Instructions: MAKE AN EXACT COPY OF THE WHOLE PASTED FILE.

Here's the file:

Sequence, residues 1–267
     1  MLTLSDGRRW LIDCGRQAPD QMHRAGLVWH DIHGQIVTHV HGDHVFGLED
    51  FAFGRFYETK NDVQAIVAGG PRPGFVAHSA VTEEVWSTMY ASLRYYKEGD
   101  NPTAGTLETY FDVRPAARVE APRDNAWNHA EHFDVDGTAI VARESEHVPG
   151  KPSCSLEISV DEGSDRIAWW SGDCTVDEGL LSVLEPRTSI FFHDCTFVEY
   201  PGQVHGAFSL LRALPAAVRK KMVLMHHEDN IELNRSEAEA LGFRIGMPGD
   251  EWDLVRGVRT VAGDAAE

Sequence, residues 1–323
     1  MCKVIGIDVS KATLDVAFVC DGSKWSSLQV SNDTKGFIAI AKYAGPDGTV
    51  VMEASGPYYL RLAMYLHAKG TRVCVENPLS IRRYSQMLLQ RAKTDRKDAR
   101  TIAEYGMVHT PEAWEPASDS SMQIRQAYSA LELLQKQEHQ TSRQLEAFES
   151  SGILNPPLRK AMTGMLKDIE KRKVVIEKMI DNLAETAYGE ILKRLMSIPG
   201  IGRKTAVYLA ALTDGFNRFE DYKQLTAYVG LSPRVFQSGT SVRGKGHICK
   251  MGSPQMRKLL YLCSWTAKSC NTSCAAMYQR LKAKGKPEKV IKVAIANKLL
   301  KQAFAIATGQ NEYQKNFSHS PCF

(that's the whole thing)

Sequence, residues 1–267
     1  MLTLSDGRRW LIDCGRQAPD QMHRAGLVWH DIHGQIVTHV HGDHVFGLED
    51  FAFGRFYETK NDVQAIVAGG PRPGFVAHSA VTEEVWSTMY ASLRYYKEGD
   101  NPTAGTLETY FDVRPAARVE APRDNAWNHA EHFDVDGTAI VARESEHVPG
   151  KPSCSLEISV DEGSDRIAWW SGDCTVDEGL LSVLEPRTSI FFHDCTFVEY
   201  PGQVHGAFSL LRALPAAVRK KMVLMHHEDN IELNRSEAEA LGFRIGMPGD
   251  EWDLVRGVRT VAGDAAE

Sequence, residues 1–323
     1  MCKVIGIDVS KATLDVAFVC DGSKWSSLQV SNDTKGFIAI AKYAGPDGTV
    51  VMEASGPYYL RLAMYLHAKG TRVCVENPLS IRRYSQMLLQ RAKTDRKDAR
   101  TIAEYGMVHT PEAWEPASDS SMQIRQAYSA LELLQKQEHQ TSRQLEAFES
   151  SGILNPPLRK AMTGMLKDIE KRKVVIEKMI DNLAETAYGE ILKRLMSIPG
   201  IGRKTAVYLA ALTDGFNRFE DYKQLTAYVG LSPRVFQSGT SVRGKGHICK
   251  MGSPQMRKLL YLCSWTAKSC NTSCAAMYQR LKAKGKPEKV IKVAIANKLL
   301  KQAFAIATGQ NEYQKNFSHS PCF